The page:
— NBC Politics (@NBCPolitics) June 23, 2017
… On the eve of the four-year anniversary of the U.S. Supreme Court decision that struck down key parts of the VRA, Rep. Terri Sewell, D-AL, told a crowd of voting rights advocates and supporters gathered on Capitol Hill that it is time to “restore the promise of voter equality.”
“Today, I’m introducing the Voting Rights Advancement Act because I believe that the right to vote is one of the most fundamental rights in our democracy,” Sewell said. “As state after state create new barriers to the polls, our work to prevent discrimination and protect the rights of all voters has taken on a new urgency. The time to restore the vote is now.”
The Voting Rights Advancement Act (VRAA) aims to modernize Section 4 of the VRA that the Supreme Court ruled in Shelby County v. Holder was outdated on June 25, 2013. Under the new act, local and state governments with a history of voter discrimination from the past 25 years would have to obtain federal approval before making changes to voting policies or procedures.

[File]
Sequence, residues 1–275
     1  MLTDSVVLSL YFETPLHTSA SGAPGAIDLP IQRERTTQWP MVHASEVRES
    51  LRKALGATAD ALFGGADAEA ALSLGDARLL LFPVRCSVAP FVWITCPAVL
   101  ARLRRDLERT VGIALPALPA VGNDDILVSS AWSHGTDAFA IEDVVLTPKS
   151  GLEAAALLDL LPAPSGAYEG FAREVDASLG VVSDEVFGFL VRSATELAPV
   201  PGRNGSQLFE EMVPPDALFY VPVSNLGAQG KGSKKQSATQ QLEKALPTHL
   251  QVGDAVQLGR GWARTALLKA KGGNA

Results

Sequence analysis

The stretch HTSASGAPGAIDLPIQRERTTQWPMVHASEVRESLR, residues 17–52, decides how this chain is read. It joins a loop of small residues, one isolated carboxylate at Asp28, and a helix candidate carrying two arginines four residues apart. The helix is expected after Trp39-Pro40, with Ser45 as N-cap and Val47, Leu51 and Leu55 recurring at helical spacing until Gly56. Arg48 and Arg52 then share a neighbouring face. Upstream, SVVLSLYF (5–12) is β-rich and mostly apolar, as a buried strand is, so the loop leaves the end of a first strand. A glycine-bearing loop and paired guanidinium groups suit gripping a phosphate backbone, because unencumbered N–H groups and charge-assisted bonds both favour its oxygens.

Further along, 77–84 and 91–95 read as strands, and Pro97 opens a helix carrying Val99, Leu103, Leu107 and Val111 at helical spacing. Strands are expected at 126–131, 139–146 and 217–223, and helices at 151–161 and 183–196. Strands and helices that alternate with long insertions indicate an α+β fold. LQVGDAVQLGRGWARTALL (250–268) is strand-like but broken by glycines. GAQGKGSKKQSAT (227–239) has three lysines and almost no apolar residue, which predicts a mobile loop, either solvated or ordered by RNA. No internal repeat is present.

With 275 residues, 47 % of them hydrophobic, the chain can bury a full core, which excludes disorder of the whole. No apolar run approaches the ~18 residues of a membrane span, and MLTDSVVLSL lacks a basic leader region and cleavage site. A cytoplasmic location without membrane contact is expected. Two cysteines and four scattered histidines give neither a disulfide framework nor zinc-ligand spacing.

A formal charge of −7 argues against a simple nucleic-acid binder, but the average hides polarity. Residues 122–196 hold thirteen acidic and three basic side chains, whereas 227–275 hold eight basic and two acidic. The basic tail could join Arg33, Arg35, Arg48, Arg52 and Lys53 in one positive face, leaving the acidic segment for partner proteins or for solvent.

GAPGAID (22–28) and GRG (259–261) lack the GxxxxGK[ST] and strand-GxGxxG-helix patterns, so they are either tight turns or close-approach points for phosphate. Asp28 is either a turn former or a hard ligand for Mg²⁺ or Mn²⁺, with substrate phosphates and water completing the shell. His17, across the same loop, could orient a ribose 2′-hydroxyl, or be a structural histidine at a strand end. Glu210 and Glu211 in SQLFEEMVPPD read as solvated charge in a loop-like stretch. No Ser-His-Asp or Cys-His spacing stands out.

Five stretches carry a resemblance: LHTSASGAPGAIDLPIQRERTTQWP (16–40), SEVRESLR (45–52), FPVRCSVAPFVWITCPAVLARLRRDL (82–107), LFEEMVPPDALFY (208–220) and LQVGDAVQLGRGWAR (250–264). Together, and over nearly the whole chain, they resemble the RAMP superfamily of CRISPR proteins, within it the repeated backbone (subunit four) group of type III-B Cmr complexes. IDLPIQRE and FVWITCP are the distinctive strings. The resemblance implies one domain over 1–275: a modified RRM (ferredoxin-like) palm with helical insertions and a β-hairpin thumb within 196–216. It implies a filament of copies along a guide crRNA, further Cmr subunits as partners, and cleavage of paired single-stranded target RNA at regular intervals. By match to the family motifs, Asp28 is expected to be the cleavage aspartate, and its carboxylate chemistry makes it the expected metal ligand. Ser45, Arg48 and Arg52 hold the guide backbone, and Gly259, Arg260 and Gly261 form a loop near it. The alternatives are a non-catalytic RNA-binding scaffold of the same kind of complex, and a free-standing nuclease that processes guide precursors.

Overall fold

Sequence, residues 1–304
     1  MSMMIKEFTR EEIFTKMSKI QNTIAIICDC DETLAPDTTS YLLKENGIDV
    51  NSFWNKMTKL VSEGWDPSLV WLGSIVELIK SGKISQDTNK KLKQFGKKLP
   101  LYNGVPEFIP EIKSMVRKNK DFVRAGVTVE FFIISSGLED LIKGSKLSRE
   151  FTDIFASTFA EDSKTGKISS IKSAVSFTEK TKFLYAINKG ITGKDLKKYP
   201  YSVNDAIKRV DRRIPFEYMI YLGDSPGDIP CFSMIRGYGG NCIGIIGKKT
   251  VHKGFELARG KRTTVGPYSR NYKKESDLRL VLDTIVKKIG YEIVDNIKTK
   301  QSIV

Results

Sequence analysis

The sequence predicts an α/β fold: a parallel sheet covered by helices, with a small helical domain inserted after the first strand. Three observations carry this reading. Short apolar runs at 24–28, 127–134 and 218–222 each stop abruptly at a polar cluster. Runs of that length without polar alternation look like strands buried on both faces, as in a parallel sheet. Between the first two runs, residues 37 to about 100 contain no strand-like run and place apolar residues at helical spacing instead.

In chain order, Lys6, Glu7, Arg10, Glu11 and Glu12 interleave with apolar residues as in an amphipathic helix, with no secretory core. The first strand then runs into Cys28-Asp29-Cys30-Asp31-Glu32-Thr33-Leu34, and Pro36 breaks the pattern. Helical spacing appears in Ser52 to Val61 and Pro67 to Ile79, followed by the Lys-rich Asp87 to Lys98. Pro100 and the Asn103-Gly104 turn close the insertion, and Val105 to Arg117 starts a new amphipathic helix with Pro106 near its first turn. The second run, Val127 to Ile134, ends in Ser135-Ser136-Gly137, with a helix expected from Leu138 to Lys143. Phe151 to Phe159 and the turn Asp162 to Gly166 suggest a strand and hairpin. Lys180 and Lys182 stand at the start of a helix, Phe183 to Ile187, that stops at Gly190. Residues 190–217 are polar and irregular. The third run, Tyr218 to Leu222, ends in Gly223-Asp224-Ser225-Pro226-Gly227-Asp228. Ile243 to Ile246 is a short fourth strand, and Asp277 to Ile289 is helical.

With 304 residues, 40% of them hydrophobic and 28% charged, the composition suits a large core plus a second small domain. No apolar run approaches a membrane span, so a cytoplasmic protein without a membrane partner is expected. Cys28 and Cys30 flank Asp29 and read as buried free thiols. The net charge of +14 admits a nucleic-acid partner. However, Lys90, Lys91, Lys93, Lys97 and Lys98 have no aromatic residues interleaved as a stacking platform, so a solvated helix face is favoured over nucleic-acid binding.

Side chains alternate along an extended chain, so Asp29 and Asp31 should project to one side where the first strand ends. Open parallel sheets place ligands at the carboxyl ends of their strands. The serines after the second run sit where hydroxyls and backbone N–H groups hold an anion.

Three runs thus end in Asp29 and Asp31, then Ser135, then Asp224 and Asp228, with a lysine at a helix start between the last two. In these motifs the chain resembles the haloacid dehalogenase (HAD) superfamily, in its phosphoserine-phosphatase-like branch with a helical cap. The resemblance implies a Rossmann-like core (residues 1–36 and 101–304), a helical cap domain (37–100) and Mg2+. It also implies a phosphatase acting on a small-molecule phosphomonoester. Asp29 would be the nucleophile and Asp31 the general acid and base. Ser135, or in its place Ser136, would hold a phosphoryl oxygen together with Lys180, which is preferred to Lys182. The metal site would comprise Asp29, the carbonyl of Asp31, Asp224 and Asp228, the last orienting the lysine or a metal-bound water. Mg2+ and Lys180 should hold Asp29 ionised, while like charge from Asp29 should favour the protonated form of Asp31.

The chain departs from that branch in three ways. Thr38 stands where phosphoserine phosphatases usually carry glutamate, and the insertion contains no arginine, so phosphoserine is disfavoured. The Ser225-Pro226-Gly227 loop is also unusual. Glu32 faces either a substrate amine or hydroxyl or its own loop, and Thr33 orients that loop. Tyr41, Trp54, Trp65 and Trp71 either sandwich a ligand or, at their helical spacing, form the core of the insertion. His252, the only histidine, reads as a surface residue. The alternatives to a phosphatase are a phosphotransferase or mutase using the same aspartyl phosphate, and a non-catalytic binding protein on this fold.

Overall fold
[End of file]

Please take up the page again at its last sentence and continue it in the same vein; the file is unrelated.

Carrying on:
These states would include: Alabama, Arkansas, Arizona, California, Florida, Georgia, Louisiana, Mississippi, New York, North Carolina, South Carolina, Texas and Virginia.
The bill has 180 Democratic co-sponsors, but has yet to garner support from across the aisle. Without it, the bill cannot forward in the Republican-controlled chamber.
Minority Leader Nancy Pelosi, while calling on her GOP colleagues to make it a bipartisan measure, said the bill “will be introduced on the very first day” Democrats regain control of the House in 2018.
“We want people to understand they have the right to vote and their vote will be counted and counted as cast. Many people sacrificed so much for the right to vote in our country,” Pelosi said. “You have our commitment that this will become the law when we become the majority and we want it to become the law even before then.”….
Apart from fighting onward, what’s on the agenda for the day?
— NBC BLK (@NBCBLK) June 22, 2017